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## Motivation

Creating common image gathers (CIGs) in the RAD can be done by Kirchhoff methods Xu et al. (1998) or wave-equation methods Prucha et al. (1999a). However, there are issues in both that must be taken into account to properly image the subsurface and handle the amplitudes intelligently.

The RAD has some inherent limitations caused by our finite survey geometries. One of these is a depth dependency. As depth increases, the maximum reflection angle that can be imaged decreases (Figure 1). This creates a null space that increases with depth. It is also easy to see that the maximum reflection angle that can be imaged for a particular point in the subsurface is dependent on the dip of the reflector being imaged (Figure 2), so the model null space is less predictable than a simple function of depth.

 depth Figure 1 Depth limitation of maximum reflection angle imaged.

 dip Figure 2 Dip limitation of maximum reflection angle imaged. The dashed lines relate to the zero dip reflector, the solid lines to the dipping reflector. The maximum reflection angle possible for the dipping reflector is much smaller than that for the zero dip reflector.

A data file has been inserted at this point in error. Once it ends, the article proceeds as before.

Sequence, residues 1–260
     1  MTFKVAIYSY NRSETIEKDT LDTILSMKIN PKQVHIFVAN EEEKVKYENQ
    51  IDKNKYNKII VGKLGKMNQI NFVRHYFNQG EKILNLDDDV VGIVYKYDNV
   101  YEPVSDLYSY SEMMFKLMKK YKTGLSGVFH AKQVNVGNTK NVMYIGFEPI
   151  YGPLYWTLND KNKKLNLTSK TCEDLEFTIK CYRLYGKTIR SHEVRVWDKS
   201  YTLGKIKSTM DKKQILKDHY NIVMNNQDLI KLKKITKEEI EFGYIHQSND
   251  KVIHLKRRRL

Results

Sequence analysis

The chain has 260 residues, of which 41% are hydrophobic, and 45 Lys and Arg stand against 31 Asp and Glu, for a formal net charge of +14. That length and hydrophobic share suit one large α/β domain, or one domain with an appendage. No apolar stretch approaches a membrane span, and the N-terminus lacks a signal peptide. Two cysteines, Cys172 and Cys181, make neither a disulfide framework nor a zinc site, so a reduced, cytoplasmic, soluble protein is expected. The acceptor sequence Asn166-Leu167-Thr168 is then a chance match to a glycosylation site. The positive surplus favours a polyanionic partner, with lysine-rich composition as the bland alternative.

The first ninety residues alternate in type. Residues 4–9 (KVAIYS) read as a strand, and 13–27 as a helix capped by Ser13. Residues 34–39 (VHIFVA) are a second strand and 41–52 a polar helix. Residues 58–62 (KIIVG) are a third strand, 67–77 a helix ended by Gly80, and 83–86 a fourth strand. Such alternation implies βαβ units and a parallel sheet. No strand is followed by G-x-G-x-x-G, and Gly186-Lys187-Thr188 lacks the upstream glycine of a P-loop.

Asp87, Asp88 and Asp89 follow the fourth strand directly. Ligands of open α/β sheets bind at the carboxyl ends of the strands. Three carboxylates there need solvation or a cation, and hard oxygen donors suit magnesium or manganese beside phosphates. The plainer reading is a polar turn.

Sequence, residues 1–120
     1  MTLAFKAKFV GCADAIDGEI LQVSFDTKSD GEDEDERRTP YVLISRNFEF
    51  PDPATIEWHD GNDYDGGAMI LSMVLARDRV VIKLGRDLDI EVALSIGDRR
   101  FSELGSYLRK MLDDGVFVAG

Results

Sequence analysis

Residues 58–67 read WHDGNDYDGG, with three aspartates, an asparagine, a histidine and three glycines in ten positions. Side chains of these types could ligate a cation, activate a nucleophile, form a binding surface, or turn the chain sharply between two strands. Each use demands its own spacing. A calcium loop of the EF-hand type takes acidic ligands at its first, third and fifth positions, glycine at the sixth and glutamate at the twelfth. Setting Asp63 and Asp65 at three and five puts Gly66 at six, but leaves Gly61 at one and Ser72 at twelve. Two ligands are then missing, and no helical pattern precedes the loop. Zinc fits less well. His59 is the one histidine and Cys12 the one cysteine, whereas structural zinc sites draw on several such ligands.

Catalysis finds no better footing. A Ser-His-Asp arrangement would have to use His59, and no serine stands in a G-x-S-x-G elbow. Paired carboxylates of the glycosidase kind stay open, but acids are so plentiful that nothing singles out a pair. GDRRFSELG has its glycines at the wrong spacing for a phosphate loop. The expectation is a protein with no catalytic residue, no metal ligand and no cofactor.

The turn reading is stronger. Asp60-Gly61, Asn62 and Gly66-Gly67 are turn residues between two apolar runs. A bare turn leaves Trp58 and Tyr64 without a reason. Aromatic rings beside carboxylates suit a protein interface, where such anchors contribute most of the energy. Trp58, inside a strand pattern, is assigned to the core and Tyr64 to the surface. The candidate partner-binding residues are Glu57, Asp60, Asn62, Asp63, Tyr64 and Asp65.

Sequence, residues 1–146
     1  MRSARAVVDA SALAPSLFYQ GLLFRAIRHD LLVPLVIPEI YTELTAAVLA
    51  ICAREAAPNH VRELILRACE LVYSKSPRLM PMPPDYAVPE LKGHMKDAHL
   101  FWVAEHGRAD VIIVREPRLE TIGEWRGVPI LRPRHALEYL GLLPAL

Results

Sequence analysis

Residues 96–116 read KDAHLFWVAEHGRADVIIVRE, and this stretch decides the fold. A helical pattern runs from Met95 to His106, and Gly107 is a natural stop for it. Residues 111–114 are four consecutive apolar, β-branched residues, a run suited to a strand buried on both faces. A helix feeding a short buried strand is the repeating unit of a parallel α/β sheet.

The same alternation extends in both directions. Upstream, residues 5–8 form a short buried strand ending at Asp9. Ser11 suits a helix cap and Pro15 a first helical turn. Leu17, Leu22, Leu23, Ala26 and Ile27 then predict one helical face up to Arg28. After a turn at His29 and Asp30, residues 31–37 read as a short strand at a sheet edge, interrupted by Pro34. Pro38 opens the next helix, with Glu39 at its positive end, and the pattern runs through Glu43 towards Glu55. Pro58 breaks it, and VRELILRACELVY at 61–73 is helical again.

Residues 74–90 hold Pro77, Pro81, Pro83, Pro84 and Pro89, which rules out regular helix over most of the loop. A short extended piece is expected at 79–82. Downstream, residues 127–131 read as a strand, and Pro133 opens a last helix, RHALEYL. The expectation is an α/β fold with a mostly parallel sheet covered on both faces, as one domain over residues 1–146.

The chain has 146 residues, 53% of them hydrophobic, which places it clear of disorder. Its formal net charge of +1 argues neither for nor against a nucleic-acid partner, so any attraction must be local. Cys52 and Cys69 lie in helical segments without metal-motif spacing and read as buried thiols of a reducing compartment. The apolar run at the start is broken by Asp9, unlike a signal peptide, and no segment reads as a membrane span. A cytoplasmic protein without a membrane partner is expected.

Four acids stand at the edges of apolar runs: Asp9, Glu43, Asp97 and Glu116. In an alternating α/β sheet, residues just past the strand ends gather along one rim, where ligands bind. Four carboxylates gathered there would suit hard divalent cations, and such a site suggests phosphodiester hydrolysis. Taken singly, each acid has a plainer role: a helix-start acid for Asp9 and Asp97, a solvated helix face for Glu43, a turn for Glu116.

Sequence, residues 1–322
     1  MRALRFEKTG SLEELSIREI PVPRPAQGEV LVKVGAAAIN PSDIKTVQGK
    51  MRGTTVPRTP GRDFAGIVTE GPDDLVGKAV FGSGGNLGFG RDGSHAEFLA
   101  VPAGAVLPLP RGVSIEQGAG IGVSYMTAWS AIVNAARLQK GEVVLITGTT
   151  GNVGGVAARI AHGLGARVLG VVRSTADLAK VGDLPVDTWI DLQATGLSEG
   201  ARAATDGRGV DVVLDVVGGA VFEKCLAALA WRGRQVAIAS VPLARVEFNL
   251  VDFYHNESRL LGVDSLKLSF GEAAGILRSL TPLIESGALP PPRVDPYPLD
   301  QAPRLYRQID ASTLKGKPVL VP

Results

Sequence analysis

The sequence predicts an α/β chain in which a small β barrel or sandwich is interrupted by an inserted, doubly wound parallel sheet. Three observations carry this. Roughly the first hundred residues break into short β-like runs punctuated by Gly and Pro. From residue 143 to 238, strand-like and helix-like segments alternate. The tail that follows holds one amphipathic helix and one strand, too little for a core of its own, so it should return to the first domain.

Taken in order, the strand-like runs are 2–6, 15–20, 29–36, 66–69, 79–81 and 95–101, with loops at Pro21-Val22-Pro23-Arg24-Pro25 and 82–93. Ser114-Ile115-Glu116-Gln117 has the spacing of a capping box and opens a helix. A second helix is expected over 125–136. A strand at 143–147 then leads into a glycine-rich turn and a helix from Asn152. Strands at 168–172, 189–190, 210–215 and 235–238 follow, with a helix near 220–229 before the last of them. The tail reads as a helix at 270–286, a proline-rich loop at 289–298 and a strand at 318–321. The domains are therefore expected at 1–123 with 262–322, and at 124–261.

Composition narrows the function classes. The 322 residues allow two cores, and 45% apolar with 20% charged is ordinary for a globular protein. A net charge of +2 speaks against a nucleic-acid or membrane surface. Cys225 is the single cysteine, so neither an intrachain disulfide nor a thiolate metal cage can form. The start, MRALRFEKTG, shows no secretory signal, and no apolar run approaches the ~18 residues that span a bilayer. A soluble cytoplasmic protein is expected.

It is clear that these limitations will result in missing data where the energy from a reflector within the survey area arrives at the surface at a point outside of the survey geometry. This is especially troublesome in complex areas with rapidly varying velocity, where the behavior can vary quickly spatially. This "missing" data will create a model null space. We want to fill this null space intelligently, so we turn to inversion.

Another reason inversion is superior to migration in complex areas is that it is easier to get accurate amplitudes. In areas where the subsurface is simple, obtaining reasonable amplitudes is easy to do with almost any migration method. As the problem becomes more complex, correctly weighting arrivals becomes essential Albertin et al. (1999); Bloor et al. (1999). For the complex environments that the reflection angle domain is most useful in, the weighting function that would have to be applied to the migration process is very difficult to find, let alone code effectively. When we use inversion, our problem converges to give us accurate amplitudes without needing the additional weighting function, so the problem is less complex than the migration problem would be to get an equivalent answer.

Next: Inversion in the RAD Up: Theory Previous: Theory
Stanford Exploration Project
9/5/2000